It’s January, the winter session where I teach, and since I don’t teach during this span, I try to reserve some of this time to send work out — individual poems and the two book-length manuscripts I’m currently circulating. A couple of months back, I was reading my Poetry and noted in the back an announcement about the Emily Dickinson First Book Award. It’s a $10,000 cash prize — wow! — but also publication by Graywolf Press, which made me swoon a little bit. AND (my favorite bit) it is a prize for a poet of forty or over. A refreshing moment in the age of the prodigy, dontcha think? And yes, I am, age-wise, qualified for this award — so I filed this opportunity in my January pile; the deadline is in February.
Today, I got around to visiting the link provided in the announcement in Poetry — and I saw mostly what I had expected to see regarding page lengths, format, etc. But — D’OH — I’m in trouble. Here’s why:
“Writers who have had chapbooks of poetry printed in editions of 300 copies or more are ineligible.”
My first chapbook, A Thirst That’s Partly Mine, won the 2008 Slapering Hol Press Chapbook Prize and was published in a numbered edition of 500. ATTPM is, uncontroversially, a chapbook — a lovely hand-sewn saddle stitch, a smallish number of poems, a letterpress cover with a die-cut window. Sixteen poems, twenty-four pages. But published in a (generous!) edition of 500. I don’t think anyone (okay, anyone who cares about such distinctions) would dispute that it’s a chapbook. (You, sir, are no chapbook!)
My second chapbook, Luck, was published in an edition of 250, but its twenty-four poems end on page 48, and because of that particular number, I have been disqualified from submitting to a different “first book” competition. I could argue that since the text of the poems begins on page nine of the chapbook, it’s not, strictly, 48 pages of poetry. But, um, really? No. Hell, Luck‘s not saddle-stapled — it’s got a SPINE just wide enough to have WORDS on it AND a glossy cover with a picture of me on the back. If it walks like a book and quacks like a book…..I think that someone (whether or not they cared about such distinctions) might call it a book. I might call it a book. Hey. Can I just call it that?
Seriously, though. I am a little disappointed at not being able to send my book-length (it’s fifty-two mss pages) work to the Dickinson First Book Award, but I’ll get over it. Am already mostly over it. Just as I got over not being able to submit to, er, “younger poets” opportunities. In fact, let me take a moment to further soothe my mild and passing disappointment by reminding myself of the following fact: editors selected two smallish manuscripts of my poems (mine!) to publish. And by publish, I mean: attentively and lovingly steward my poems into bookish form; help me edit/shape the work further; help me share my work with a larger audience. These are poetry loving people, and they have loved my poetry well.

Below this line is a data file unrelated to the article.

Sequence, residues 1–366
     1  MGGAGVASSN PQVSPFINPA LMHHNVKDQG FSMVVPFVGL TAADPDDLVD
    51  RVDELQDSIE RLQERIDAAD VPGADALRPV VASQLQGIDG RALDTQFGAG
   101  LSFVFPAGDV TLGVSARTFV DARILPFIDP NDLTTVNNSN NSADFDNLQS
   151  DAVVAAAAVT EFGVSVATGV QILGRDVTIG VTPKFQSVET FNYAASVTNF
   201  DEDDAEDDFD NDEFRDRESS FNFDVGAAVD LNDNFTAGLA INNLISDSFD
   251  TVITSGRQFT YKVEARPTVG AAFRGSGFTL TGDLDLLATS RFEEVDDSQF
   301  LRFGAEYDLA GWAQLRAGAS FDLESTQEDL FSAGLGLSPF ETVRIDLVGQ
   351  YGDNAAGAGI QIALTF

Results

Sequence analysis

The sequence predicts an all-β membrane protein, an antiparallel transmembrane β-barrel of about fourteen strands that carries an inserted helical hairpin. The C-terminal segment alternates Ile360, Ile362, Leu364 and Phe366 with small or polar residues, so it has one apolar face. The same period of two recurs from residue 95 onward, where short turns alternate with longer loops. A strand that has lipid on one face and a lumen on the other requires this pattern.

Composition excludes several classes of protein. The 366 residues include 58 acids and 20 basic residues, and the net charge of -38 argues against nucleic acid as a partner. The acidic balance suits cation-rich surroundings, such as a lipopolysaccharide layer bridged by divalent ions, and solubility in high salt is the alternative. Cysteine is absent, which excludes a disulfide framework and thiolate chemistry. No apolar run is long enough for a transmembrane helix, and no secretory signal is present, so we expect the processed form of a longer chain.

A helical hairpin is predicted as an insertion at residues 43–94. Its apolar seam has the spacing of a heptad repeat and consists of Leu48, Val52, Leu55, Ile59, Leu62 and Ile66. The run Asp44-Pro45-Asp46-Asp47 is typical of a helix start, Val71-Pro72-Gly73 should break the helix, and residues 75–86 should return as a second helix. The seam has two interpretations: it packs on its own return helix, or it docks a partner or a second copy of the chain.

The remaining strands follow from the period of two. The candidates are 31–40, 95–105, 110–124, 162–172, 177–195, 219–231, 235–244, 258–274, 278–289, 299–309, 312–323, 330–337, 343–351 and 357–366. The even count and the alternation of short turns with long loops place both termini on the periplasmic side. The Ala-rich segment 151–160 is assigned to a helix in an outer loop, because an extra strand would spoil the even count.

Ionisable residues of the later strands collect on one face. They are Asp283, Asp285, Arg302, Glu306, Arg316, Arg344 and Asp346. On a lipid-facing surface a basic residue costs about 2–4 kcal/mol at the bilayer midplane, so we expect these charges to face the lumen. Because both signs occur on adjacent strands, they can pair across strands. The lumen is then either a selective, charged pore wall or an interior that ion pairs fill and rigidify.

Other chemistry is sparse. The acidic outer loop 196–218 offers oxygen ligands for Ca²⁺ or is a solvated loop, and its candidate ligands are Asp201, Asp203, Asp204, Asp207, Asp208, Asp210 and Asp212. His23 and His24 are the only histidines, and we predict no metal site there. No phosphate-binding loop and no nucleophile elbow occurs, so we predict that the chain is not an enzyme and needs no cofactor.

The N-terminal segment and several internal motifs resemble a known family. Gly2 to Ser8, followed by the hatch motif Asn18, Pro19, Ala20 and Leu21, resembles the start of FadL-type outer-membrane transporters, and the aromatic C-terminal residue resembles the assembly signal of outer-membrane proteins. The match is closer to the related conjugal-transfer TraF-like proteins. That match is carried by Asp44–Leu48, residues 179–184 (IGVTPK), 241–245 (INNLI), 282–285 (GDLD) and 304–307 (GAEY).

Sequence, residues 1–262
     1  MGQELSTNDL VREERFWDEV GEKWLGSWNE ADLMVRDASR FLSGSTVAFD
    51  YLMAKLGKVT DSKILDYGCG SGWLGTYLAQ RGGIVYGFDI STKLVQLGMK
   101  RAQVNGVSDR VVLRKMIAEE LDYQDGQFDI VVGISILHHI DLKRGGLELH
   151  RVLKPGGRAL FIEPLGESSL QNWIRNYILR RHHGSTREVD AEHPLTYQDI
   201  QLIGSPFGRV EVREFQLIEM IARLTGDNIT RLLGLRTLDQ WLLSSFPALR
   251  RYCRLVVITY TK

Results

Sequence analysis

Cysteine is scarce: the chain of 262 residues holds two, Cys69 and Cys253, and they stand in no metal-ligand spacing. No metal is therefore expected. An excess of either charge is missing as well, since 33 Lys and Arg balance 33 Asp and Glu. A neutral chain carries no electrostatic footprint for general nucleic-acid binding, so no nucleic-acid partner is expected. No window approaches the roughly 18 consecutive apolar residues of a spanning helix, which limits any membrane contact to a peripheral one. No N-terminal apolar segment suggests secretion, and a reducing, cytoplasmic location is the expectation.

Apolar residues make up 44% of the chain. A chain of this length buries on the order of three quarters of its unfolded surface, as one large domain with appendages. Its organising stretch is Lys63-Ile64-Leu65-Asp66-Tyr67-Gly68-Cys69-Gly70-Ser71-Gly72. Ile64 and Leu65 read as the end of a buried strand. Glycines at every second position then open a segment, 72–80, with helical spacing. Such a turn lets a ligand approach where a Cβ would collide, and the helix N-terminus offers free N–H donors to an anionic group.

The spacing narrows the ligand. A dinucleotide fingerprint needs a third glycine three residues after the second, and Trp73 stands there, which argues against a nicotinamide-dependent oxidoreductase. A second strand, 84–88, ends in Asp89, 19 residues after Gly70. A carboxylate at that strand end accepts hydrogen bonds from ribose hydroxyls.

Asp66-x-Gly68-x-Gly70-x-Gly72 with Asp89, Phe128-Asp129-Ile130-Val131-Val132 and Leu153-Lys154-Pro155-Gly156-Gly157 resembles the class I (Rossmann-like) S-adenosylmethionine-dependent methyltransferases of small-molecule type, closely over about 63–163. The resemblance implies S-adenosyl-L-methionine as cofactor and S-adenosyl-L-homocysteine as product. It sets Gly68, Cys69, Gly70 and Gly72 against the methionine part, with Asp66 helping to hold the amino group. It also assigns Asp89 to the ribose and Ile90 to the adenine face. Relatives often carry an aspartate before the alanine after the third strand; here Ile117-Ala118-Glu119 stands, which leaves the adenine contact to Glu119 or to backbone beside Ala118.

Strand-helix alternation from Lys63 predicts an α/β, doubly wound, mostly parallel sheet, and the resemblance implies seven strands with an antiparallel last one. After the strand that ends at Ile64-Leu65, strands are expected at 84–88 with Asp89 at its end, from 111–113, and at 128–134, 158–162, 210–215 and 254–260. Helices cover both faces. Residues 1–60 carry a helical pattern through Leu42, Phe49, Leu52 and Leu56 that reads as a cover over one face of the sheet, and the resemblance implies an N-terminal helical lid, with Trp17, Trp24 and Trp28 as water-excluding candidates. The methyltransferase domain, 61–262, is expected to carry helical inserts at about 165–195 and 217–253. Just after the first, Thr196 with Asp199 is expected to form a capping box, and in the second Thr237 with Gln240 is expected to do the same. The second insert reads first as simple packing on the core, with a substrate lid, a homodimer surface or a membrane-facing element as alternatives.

Beyond the ephemeral disappointment, though, is the (equally ephemeral?) matter of semantics, numbers, the “biz,” etc. I think that stuff is kind of interesting. I have blogged previously about what “published” means, (here, briefly), (here, too, sort of) and I find myself today ruminating about what a “book” is, to various audiences, for various purposes. A book has its materiality, its “thing-ness” (witness my giddiness above about things like letterpress covers and spines), but it is also a symbol, a sign, a signal. Ditto chapbooks, yes? Are chapbooks JV? Are they hipster object d’art? Does the Poetry Foundation assert, via its first book award guidelines, that I have already published a “first book?” I have come to no new or crystal-clear conclusions about the (chap)bookness of (chap)books, not today, not yet. I continue to be a long-time lover of the chapbook — from my few years as a publisher of them in the mid to late 1990s (Ultima Obscura Press), my fifteen years or so avidly collecting them, my use of them in the classroom, my teaching friends how to sew basic saddle-stitches and Japanese stab binding, etc. And of course, I also foster deep love for book books. I just finished reading one today and am going to dive into the pile for the next one to keep at bedside. And there’s the audiobook I’ve got going on the iPod for getting through the ninth circle of treadmill. Speaking of which….